Performing Proper Vulnerability Assessments

A comprehensive vulnerability assessment consists of the following steps:

    1. Install a vulnerability scanner and implement a scanning schedule – Typically, organizations should scan their network at least once a month to protect any existing and developing cyber threats.

 

    1. Scan your organization’s network to address any potential vulnerabilities – This monthly network scan should include all devices with an IP address, such as desktops, laptops, printers, routers, switches, hubs, servers, wired and wireless network, and firewalls.

 

    1. Scan any devices connected to an associated IP-address or internal network – This includes multi-function printers, like copy machines.

 

    1. Identify any changes, pending updates or missing software patches – Neglecting to update your software regularly can leave your system vulnerable. Indeed, some of the most damaging hacks in recent history have occurred simply because organizations did not maintain timely software updates. The recent hack at Equifax, one of the world’s top credit reporting agencies, occurred because it hadn’t updated a known security flaw with a patch that was made available months earlier.

 

    1. Identify and prioritize risks – It is vital to assess your databases and identify which areas are the most high-risk and essential to your organizational health. This ensures that you’re focusing your energies on what’s most important. Typically, an organization’s financial data is among the most valuable, and vulnerable, areas of their network.

 

    1. Select strategic risk-based remediation – Any thorough scan is likely to surface some vulnerabilities. Now it’s time to fix them. Implement remediation efforts, while prioritizing your most high-risk data.

 

  1. Conduct remediation work – Ideally, you’ll want to plan to execute your premeditation work during existing scheduled maintenance periods. This ensures minimal interruptions in your network’s service, and maximal convenience to your team and your clients.

Disaster Recovery Plan

At the same time, you want to be prepared for the worst. That’s why it’s vital to ensure that you have a disaster recovery plan in place. A disaster recovery plan is an organized, predesignated set of procedures to help your business recover from a cyber attack or any other emergency. This plan should include what to do if your assessment reveals a vulnerability (or an actual breach), or if malware, ransomware, or a virus has managed to infect your systems.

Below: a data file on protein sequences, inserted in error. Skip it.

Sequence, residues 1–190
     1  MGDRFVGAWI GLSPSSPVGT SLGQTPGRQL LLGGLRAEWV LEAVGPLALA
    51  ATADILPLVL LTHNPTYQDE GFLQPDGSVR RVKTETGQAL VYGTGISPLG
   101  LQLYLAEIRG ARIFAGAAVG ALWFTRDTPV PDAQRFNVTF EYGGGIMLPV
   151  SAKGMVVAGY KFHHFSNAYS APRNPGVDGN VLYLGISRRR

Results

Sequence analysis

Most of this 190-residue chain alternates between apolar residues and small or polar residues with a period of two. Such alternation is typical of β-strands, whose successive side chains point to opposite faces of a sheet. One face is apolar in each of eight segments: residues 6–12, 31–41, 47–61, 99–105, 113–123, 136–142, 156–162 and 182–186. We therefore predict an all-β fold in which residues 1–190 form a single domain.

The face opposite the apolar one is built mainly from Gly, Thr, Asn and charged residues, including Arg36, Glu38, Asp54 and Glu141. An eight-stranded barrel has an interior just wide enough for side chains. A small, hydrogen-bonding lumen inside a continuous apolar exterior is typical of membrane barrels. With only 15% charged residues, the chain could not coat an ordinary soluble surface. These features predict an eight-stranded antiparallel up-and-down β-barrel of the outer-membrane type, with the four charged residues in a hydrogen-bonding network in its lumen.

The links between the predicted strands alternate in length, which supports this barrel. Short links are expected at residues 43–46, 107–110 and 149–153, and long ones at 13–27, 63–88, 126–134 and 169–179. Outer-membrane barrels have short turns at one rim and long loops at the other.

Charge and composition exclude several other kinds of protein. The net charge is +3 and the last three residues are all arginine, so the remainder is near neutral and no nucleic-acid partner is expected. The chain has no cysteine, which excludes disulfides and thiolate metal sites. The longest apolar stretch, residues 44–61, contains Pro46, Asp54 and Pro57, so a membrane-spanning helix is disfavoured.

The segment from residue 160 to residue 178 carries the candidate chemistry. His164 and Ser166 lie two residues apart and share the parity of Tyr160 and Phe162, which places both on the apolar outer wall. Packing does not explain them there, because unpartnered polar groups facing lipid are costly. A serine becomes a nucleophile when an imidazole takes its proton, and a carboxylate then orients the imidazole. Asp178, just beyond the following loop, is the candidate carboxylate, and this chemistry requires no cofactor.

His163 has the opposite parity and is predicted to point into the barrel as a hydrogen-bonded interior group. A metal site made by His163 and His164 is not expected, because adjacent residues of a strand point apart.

The biggest priority in any disaster recovery plan is data loss prevention, which ensures that your company does not lose valuable assets. It involves implementing automatic backup and cloud backup for all laptops and desktops, as well as regular off-site backups or data replication at off-site locations. A comprehensive disaster recovery plan will also have a documented process for restoring corrupted drives and recovering any deleted data.

A disaster recovery plan is vital for any business, large or small. Think of it as an investment in your company’s security, and a precautionary measure with which to avoid incurring larger losses in event of a data breach or other disaster. By implementing thorough measures to protect every corner of your company’s systems and networks, you are safeguarding your future.

Consider Getting Outside Help

It’s not enough to run automated scans and do periodic testing. Are you also performing
penetration testing, vulnerability assessments, security audits, and code reviews? If you want to maximize your protection against cybersecurity threats, you may need to consider bringing in professionals to help you monitor and maintain your system. Performing a complete analysis of your systems can provide your organization with the protection it needs to keep proprietary data safe and ensure disruptions to your day-to-day business are minimized.